Career advice, insights & tips for HR professionals
Top tips to give your best at interview 31/10/2011
James Ballard, partner at AnnaPurna HR, offers his to tips to HR professionals to get the most out of a job interview.
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HR - seasoned interviewees?
It’s ironic that having spent over a decade now in recruitment that I myself was particularly poor in interviews when looking for a job after graduating. I found it very difficult to write a CV document that would truly articulate me and my experiences, and even more so to then put these into words in a one to one situation with a complete stranger. I struggled through several interviews before finally getting a role, and fortunately have not had to do one since. Interviewing is often an awkward and stressful experience at the best of times.
For those who empathise with this experience take solace in the fact that this point of view is felt by a great number of people. HR is an industry sector where you would expect the HR professional to be a consummate interviewee, however this is not always necessarily the case. Many HR people are used to interviewing, but often find it a challenge to express and articulate themselves when being interviewed. It’s very difficult to encapsulate your skills and attributes on paper and then express them in a way that doesn’t sound false or arrogant yet still trying to portray yourself in the best light to a potential employer. Especially when you know what you are trying to say and what you think they are looking for, but find it difficult to articulate.
Here are 10 top tips that might be of use to people thinking about looking for a new job and to help prepare for interviews;
- Always check that the subject matter you have written on your CV, including dates, is accurate, as the interviewer will be asking you about this in detail.
- Always research the company, the role, and the interviewer in as much detail as you can, such as company website, job descriptions, linkedin and social media profiles. Ask the recruitment consultant for any advice on what has happened in previous interviews or any tips on what style and what questions might be asked.
- Look the part, it sounds like a trivial cliché, but first impressions do really count. Think about the company and the environment and check what dress style will be appropriate, wearing clothes that you feel good in, will give you confidence, and, may positively affect your performance in interview.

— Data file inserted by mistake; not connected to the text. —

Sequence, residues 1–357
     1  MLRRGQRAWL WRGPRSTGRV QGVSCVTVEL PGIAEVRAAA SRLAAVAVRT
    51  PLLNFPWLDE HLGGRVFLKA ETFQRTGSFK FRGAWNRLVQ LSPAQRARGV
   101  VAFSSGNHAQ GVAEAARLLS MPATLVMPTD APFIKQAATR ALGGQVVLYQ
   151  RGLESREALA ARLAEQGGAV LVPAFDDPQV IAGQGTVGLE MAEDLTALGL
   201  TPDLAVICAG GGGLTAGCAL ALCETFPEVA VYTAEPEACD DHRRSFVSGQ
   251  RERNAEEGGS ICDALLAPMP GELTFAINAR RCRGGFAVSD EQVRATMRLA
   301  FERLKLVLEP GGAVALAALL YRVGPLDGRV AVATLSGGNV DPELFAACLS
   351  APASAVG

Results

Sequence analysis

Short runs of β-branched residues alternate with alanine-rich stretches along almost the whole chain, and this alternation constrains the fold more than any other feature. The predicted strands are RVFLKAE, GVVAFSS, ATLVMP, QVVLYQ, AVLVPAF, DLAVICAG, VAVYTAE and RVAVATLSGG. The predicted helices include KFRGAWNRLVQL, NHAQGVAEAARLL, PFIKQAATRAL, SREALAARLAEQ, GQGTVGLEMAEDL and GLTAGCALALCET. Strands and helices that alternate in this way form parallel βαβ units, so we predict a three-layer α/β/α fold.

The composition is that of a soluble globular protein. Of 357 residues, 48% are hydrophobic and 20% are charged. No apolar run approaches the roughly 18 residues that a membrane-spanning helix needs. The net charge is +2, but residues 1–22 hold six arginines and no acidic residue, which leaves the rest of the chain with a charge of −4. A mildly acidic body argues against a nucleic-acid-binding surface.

- Check the address, your journey plan to the interview, and give yourself plenty of time to arrive early for the interview. This sounds obvious, but you can never know what might happen with potential traffic or travel problems so best to give as much time as possible to get there.
- Plan for the questions, think about what the role involves and what the interviewer is likely to ask. Make sure that you prepare detailed examples that you can answer potential questions with. Also prepare for the follow on questions, such as: why did you do that? How did you implement it? How did you know that process worked / measure the process?
- At interview: be enthusiastic and relax, nerves are good to make you alert but don’t let them get the better of your performance, people like people who are confident and imbue confidence.
- Show that you have done your research, make answers specific and relevant to the job profile and the organisation, if you have any knowledge of the company then make sure you show what you know and how your experience could add value to the role profile and the organisation.
- Make sure that you have questions prepared at the end of the interview. Potential employers will judge your acumen and interest in the role by the questions that you ask them at the end.
- Don’t drop your guard, before and after the interview remain friendly and professional, but do not act too friendly or intimately, be yourself.
- Follow up and ask for feedback from the recruitment consultant, so that if you do not get the job you can learn from what you could do to improve performance for next time.
Coping with rejection
If you're not at first successful, remember that procuring a job can be a job in itself, don’t take rejection badly, and use each interview as a learning experience to improve your technique.
Always remember that at the end of the day that you only need to be successful in one process to get your next dream job. Good luck.
James Ballard, partner, Annapurna HR
James is a partner at Annapurna HR